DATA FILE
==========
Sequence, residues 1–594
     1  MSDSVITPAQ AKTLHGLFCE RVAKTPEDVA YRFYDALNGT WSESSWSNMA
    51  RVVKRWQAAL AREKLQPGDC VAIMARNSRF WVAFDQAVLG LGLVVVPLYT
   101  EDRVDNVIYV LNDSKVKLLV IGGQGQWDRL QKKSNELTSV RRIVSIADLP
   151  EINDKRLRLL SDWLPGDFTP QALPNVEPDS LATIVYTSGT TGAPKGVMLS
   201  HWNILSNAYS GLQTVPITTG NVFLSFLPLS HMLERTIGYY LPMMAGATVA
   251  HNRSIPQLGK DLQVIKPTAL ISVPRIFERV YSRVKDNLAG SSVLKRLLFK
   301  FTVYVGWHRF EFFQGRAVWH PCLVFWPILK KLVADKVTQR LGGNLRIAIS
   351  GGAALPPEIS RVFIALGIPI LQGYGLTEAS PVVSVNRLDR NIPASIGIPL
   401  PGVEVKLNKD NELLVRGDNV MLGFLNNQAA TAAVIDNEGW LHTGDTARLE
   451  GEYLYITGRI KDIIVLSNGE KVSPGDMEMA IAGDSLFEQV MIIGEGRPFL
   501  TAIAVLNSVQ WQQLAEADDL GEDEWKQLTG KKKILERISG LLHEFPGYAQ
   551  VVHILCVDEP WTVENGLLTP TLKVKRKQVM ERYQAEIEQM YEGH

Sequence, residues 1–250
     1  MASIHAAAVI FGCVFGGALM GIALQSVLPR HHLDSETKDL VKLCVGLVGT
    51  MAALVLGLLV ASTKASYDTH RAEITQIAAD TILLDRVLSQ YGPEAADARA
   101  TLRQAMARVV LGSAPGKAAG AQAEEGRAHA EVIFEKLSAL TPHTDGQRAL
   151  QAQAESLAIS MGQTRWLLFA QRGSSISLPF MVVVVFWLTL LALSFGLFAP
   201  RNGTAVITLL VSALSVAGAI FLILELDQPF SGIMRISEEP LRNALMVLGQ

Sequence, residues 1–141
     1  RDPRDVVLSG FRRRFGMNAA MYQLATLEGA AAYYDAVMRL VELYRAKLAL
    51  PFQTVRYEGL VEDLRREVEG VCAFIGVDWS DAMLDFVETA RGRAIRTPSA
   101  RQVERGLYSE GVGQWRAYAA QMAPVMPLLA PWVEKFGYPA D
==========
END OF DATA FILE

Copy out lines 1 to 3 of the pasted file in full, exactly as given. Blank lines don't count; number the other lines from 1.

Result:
Sequence, residues 1–594
     1  MSDSVITPAQ AKTLHGLFCE RVAKTPEDVA YRFYDALNGT WSESSWSNMA
    51  RVVKRWQAAL AREKLQPGDC VAIMARNSRF WVAFDQAVLG LGLVVVPLYT